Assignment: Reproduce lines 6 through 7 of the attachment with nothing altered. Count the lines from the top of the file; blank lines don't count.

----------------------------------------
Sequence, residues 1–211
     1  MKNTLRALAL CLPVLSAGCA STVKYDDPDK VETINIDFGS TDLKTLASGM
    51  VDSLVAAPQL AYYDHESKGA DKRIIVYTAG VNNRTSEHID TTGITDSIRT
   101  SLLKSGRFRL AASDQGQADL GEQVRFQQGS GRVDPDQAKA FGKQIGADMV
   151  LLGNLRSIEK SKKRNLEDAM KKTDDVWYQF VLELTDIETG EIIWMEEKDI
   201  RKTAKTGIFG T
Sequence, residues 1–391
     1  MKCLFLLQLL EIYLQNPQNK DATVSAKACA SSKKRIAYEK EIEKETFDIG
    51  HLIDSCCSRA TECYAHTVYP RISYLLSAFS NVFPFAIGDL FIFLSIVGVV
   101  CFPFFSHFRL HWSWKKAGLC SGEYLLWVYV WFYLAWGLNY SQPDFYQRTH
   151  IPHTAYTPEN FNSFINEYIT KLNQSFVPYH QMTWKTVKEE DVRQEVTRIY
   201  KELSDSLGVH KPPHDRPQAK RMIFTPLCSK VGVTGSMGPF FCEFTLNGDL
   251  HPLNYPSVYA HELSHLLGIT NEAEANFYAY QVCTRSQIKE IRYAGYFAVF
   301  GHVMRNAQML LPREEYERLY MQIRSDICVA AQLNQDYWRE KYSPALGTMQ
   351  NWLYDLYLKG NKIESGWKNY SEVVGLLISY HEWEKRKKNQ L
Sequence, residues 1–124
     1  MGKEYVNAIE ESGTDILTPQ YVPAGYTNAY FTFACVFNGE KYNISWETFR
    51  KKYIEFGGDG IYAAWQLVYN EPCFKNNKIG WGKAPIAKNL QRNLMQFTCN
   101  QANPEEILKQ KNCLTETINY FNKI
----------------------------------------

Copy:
   201  RKTAKTGIFG T
Sequence, residues 1–391